A seldom mentioned emerging market country is nurturing a future oil giant.
Few are aware that Columbia is a growing and dynamic economy. Many people think of Columbia as a violent and lawless place dominated by drug cartels, or perhaps even confuse it with Socialist Venezuela. But, the truth is Columbia has come a long way. [Read: Forget BRIC: Buy These Emerging Economies Instead]
After nearly 30 years of drug-related violence, a new pro-business government and a U.S.-supported crackdown have vastly improved conditions in the past decade. Since 2002, terrorist acts are down -84%, kidnappings have dropped -88% and the homicide rate is the lowest in 22 years. Columbia's crime rate is now lower than that of many U.S. cities.
As a result, Columbia is attracting more investors and domestic spending is on the rise. In fact, GDP has grown +5% in the first half of 2010 (compared to +1.6% in the second quarter in the U.S.) and the market has reacted. The Columbian exchange-traded fund (ETF), Global X/InterBolsa FTSE Colombia 20 ETF (NYSE: GXG), has soared +48% so far in 2010 and was the No. 1 performing country specific ETF for the year as of July 30th.
Columbia is rich in natural resources, including one of the largest deposits of oil and gas in Latin America. There are just two Columbian ADRs trading on the New York Stock Exchange, but luckily, one of them has been on fire…
Ecopetrol (NYSE: EC) is Columbia's largest integrated oil company, and is also the fourth largest oil major in Latin America. The company focuses on exploration and production, but is also involved in refining and transportation. About 90% of the firm is owned by the state.
Ecopetrol explores for oil and gas across Colombia and is expanding internationally through exploration partnerships in Brazil, Peru, and the United States (Gulf of Mexico). As of the end of the first quarter, Ecopetrol had reserves of 1.9 billion barrels of oil equivalent (BOE), 71% of which is oil and 29% gas. The company's production for the quarter was 83% oil and 17% gas.
The company, like the country, is looking to the future.
Ecopetrol has hyper-aggressive plans to expand and become a major international oil giant. It plans to invest a whopping $80 billion on expansion in the next 10 years and forecasts dramatic production and reserve gains in a relatively short period of time. The company is targeting daily production growth of +27% in 2011 (from Spring 2010 levels) and reserve growth of +68% by 2015 and more than +200% by 2020.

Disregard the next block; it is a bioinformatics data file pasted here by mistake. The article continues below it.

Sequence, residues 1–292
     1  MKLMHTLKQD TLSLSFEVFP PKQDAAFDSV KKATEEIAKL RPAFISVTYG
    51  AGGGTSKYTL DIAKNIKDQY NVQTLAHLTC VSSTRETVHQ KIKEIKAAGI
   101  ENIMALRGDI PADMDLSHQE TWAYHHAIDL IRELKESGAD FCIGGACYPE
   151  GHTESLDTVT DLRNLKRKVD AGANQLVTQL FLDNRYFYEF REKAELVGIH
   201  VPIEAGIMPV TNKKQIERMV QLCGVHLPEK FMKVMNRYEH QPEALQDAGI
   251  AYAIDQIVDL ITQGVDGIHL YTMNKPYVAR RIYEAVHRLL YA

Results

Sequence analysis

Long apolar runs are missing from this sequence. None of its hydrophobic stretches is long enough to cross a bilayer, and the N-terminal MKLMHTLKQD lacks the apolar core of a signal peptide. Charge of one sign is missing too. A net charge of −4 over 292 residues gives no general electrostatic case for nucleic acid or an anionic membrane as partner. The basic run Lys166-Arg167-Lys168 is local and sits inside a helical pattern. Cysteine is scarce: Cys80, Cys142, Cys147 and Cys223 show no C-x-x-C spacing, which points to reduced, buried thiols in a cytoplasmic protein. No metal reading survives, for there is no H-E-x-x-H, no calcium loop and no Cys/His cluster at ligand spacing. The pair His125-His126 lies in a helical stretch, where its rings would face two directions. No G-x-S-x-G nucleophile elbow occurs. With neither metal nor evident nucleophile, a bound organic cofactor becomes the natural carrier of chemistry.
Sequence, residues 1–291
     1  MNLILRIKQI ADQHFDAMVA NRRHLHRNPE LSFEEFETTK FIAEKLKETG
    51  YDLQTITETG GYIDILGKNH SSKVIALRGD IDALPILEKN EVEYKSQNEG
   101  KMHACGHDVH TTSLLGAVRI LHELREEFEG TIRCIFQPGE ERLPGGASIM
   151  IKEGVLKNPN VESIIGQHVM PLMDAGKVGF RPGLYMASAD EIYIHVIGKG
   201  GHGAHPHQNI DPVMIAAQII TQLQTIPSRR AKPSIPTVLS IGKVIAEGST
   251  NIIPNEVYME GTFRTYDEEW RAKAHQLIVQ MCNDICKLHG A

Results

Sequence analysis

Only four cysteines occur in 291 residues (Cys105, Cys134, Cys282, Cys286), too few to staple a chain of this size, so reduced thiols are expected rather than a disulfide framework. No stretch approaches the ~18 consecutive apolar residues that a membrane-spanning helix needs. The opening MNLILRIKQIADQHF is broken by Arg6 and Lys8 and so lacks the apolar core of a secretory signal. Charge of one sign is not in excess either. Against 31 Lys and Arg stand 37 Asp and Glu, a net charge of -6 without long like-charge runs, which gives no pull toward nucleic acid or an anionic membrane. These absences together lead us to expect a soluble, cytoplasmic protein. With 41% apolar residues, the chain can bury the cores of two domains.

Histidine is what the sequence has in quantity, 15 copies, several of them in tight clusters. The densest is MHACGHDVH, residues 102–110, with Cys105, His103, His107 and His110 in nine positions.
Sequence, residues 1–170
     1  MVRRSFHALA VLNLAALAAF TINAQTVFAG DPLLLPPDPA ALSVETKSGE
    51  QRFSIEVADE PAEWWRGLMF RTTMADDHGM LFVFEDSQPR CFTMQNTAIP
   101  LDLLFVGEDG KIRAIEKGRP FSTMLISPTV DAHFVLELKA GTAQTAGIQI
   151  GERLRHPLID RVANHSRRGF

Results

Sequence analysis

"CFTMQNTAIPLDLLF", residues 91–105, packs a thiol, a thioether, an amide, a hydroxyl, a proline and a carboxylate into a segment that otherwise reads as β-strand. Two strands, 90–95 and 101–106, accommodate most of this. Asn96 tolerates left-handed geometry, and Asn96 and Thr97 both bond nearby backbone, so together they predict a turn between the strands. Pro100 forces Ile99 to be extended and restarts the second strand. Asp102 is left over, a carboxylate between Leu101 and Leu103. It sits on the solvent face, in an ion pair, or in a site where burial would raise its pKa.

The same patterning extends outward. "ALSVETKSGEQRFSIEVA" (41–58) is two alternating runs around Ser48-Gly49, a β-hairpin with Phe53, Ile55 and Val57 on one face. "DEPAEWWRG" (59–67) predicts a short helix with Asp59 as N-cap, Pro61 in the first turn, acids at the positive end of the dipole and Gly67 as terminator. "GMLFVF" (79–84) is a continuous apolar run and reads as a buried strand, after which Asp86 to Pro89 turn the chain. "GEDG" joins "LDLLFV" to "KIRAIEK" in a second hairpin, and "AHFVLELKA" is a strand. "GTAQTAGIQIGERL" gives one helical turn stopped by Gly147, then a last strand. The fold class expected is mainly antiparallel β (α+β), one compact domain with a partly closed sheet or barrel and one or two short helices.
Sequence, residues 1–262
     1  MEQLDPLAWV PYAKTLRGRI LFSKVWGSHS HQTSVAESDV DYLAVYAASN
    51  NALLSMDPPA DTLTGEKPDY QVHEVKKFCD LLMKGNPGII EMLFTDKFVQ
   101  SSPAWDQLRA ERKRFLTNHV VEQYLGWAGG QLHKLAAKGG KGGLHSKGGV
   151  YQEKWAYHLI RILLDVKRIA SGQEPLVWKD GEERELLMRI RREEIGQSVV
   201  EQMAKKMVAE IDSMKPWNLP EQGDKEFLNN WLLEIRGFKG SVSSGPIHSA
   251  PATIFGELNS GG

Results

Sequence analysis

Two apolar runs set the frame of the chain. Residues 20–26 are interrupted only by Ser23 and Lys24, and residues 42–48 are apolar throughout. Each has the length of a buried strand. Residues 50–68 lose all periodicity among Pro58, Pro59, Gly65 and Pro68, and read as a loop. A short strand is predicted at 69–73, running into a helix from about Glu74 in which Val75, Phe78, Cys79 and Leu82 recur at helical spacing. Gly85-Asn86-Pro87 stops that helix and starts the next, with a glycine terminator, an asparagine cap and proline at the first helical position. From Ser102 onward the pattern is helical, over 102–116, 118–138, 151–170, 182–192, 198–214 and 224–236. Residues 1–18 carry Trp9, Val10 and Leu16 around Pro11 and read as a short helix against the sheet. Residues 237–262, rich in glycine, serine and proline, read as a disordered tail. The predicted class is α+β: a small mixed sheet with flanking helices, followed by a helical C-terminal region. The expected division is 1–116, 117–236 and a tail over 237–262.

The market apparently likes the growth of the company, as well as the Columbian growth story: Ecopetrol's stock has returned more than +70% so far this year. This is no small feat considering Morningstar's Independent Oil and Gas category has returned a paltry +2% year-to-date.
The company should be able to afford the grand $80 billion expansion plans. Most of it (62% to 67%) will be financed with cash generated from earnings, and the rest from debt and new issuances. The company had virtually no debt and about $2 billion in cash and short term investments at the end of the first quarter.
However, this company is extremely vulnerable to the price and demand for oil and gas. In 2009, net income fell -43% from 2008 as energy demand and prices plummeted amidst the financial crisis and recession. But, as world economies have recovered, so have Ecopetrol's earnings. Profits in the second quarter of 2010 rocketed an amazing +137% compared to the year ago quarter, and first half profits increased +64% compared to a year ago.
Ecopetrol also pays a solid dividend. There are usually several payments every year, and dividends during the past 12 months have totaled $1.36, translating to a solid 3.5% yield even after the run up in the stock's price. Dividends are paid in Columbian Pesos and converted to dollars for American investors, so there is some currency risk. However, the superior economic growth in Columbia bodes well for the Columbian Peso, which has already soared +16% against the dollar in 2010.
Despite its expansion plans and the emergence of the Columbian economy, Ecopetrol's performance will be tied to energy prices. The long term growth in worldwide demand for oil and gas as well as oil's increasing scarcity portend well for the longer term. However, a slowdown in world economies and falling energy prices could hurt Ecopetrol's performance and stock price just like any major oil company.
Action to Take –> At this point, Ecopetrol encompasses several likely trends going forward. It is an aggressive way to play growing demand and higher prices for energy. It is also a hedge against inflation and a falling dollar that provides exposure to a fast growing emerging market.
The stock is selling at a relatively high 28 times 2010 forecasted earnings.